3. SURRENDER TO BANKRUPTCY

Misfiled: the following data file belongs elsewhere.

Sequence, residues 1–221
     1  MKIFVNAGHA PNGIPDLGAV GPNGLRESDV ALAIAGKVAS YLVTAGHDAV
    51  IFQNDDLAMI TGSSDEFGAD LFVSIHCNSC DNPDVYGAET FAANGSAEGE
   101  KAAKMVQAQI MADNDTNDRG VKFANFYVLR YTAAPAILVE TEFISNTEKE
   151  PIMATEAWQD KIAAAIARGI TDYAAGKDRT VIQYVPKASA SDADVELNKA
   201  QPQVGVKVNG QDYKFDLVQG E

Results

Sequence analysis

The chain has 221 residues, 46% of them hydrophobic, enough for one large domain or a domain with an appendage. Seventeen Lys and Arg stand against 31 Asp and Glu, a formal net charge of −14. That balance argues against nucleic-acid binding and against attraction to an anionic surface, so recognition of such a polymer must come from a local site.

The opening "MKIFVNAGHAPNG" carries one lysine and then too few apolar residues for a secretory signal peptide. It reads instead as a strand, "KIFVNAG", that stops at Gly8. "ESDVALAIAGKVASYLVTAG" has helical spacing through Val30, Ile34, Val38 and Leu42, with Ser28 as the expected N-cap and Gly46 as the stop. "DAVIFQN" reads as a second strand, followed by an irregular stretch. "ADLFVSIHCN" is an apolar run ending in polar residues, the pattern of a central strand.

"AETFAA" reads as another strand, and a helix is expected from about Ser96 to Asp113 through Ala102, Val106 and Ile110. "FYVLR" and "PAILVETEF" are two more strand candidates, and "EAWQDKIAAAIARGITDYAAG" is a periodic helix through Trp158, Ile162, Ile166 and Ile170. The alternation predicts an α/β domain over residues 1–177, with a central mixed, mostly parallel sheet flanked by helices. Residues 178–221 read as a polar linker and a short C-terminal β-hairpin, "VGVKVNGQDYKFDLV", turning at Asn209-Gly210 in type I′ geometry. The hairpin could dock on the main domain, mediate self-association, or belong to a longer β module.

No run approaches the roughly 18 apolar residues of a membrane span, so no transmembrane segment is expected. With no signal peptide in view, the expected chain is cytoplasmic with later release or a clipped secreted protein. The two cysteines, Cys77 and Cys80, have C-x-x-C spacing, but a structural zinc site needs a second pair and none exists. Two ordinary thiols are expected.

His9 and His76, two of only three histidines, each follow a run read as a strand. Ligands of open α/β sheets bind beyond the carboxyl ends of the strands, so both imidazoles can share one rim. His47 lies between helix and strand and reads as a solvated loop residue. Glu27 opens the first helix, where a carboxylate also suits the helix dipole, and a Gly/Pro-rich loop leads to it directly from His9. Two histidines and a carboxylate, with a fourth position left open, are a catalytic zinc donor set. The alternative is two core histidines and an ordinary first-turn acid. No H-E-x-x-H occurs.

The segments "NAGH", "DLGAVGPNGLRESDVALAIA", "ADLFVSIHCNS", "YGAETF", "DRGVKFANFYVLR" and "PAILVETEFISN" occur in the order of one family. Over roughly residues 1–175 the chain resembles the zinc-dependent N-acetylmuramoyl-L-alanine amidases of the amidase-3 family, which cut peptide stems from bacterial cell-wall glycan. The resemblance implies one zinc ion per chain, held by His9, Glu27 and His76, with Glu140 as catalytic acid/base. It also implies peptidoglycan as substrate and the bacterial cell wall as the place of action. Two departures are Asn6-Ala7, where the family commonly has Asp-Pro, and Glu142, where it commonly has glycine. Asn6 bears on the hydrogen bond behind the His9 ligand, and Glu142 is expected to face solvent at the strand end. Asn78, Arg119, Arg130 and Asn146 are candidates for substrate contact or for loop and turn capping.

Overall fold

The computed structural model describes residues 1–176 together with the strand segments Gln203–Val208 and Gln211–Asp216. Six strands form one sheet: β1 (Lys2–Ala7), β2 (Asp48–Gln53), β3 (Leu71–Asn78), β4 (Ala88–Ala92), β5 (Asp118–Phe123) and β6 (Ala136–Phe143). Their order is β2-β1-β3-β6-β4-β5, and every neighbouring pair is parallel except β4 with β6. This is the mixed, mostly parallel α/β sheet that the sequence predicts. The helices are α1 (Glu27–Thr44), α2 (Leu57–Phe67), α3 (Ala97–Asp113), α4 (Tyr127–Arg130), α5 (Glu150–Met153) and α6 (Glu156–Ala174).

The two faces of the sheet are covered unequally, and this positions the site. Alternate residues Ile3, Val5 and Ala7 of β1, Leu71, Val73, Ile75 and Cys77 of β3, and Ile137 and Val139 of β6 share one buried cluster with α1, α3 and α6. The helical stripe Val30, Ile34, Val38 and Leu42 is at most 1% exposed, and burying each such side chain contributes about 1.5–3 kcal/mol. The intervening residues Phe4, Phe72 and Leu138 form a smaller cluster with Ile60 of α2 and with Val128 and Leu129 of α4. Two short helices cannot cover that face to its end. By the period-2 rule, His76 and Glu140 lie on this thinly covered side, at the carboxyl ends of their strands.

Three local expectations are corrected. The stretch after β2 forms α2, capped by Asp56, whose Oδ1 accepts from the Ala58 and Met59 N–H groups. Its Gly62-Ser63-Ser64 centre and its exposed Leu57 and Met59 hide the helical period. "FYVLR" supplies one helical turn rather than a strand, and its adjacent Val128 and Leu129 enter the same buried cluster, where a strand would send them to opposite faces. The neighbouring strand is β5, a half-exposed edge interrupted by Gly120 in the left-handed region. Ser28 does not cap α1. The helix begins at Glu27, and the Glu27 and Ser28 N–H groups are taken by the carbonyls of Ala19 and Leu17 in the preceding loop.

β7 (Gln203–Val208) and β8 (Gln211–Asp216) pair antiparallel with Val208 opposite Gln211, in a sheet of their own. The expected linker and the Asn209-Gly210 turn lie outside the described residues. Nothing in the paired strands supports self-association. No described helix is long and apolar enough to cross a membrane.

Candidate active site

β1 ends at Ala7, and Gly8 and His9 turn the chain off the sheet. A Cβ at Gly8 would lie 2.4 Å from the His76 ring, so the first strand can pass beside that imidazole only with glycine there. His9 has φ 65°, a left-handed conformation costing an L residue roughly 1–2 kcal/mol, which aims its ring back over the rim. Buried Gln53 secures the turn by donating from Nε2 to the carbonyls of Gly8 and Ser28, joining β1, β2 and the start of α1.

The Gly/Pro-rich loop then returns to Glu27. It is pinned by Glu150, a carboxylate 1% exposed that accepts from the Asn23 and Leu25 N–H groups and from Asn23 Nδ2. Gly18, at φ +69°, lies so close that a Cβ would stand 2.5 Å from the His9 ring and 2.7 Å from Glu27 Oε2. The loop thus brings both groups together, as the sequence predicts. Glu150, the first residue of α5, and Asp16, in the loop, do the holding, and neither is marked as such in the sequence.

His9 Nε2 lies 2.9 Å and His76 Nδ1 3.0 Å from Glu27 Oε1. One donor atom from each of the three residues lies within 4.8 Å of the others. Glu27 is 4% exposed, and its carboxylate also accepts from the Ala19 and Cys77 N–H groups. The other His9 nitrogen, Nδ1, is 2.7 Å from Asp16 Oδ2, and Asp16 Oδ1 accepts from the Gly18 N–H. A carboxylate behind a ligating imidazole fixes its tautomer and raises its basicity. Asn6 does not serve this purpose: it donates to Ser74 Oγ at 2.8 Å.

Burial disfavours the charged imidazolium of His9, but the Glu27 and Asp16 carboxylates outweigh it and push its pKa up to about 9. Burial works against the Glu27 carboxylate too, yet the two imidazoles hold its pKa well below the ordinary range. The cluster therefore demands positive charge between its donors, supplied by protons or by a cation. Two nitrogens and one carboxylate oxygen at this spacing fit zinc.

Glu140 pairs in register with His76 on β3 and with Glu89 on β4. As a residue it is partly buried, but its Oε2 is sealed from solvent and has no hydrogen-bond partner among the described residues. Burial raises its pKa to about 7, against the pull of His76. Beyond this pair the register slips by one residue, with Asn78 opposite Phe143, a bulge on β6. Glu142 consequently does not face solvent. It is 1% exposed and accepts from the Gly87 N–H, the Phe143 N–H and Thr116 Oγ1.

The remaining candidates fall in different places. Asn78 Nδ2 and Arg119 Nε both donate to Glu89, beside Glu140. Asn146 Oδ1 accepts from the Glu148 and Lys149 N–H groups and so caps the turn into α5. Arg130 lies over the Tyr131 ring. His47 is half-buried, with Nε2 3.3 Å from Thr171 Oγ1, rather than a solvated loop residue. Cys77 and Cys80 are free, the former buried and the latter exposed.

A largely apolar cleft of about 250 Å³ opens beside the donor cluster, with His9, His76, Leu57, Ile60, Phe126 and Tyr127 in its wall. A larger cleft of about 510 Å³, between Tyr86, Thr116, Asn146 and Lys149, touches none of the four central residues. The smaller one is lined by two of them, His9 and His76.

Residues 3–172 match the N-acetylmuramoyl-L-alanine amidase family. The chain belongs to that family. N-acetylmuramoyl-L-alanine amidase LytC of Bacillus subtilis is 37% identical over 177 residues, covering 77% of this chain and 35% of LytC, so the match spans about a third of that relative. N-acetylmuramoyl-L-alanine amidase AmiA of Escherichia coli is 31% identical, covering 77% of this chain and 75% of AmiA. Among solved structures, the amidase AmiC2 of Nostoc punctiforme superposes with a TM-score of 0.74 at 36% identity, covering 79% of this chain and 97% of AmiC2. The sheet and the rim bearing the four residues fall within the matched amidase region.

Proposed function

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BOOK FORTY-TWO/SURRENDER TO BANKRUPTCY 59 minor as if he had not made his admission of liability. 7. Those who admit liability have the same time thereafter to make amends as those against whom judgment is delivered. 7 AFRICANUS, Questions, book 5: Suppose that ajideicommissum be claimed and the heir admit that it is due; the arbitrator appointed for its handing over finds nothing to be due; the question is: Can he absolve the heir? I replied that the reason why nothing is due is relevant. If it be that there is no jideicommissum, he should not absolve the heir; but if the reason be that the testator was insolvent or that the heir assert, before the praetor, that all liabilities have been met and the arbitrator is appointed because the dispute and subsequent assessment would be rather difficult, then, by virtue of his office, he should absolve the heir. In the first case discussed, the arbitrator should remit the heir to the praetor for absolution. 8 PAUL,Sabinus, book .4: One admitting liability is never to be condemned in respect of something of which it is uncertain, whether it exist or not. SURRENDER TO BANKRUPTCY 1 ULPIAN,Edict, book 17: A creditor who makes an advance for the restoration of buildings is given a preferred position in respect of what is due to him. 2 ULPIAN,Edict, book 21: In personal actions, those who make subsequent contracts with the provision that moneys arising therefrom shall go to their existing creditors succeed to the position of those creditors. 3 ULPIAN,Edict, book 58: One who surrenders to bankruptcy is not deprived of his assets until they be sold; hence, if he be ready to make his defense, they will not be sold. 4 ULPIAN,Edict, book 59: If someone surrender to bankruptcy and later make some acquisition, he can be sued only for what he can afford. 1. Sabinus and Cassius were of the opinion that one who surrenders to bankruptcy should in no way be disturbed by other creditors. 5 PAUL,Edict, book 56: A person who regrets having surrendered to bankruptcy, by making his defense, can ensure that his assets are not sold. 6 ULPIAN,Edict, book 6.4: If someone who has surrendered to bankruptcy later acquire some modest competence after the sale of his assets, there will be no second sale. Now on what basis do we assess the extent of his acquisition, on the quantity or rather on the quality of it? I think the quantity, provided that we bear in mind that if something was left him out of charity, for instance, by way of monthly or annual sustenance , there should be no renewed sale of his assets on that account; for a man is not to be deprived of his daily bread. The same applies if he be given some usufruct or legacy from which he derives no more than his maintenance. 7 MODESTINUS, Encyclopaedia, book 2: Where the goods of a debtor have been sold on bankruptcy, on the request of the creditors, there may be further sales of the assets of the same debtor until the creditors are satisfied, if the debtor subsequently acquire such means that the praetor authorizes such a course. 8 ULPIAN,Edict, book 26: A person who surrendered to bankruptcy before he acknowledges his debt is condemned or admits his liability before the praetor, is not to be given a hearing. BOOK FORTY-TWO/SURRENDER TO BANKRUPTCY 59 minor as if he had not made his admission of liability. 7. Those who admit liability have the same time thereafter to make amends as those against whom judgment is delivered. 7 AFRICANUS, Questions, book 5: Suppose that a fideicommissum be claimed and the heir admit that it is due; the arbitrator appointed for its handing over finds nothing to be due; the question is: Can he absolve the heir? I replied that the reason why nothing is due is relevant. If it be that there is no fideicommissum, he should not absolve the heir; but if the reason be that the testator was insolvent or that the heir assert, before the praetor, that all liabilities have been met and the arbitrator is appointed because the dispute and subsequent assessment would be rather difficult, then, by virtue of his office, he should absolve the heir. In the first case discussed, the arbitrator should remit the heir to the praetor for absolution. 8 PAUL, Sabinus, book 4: One admitting...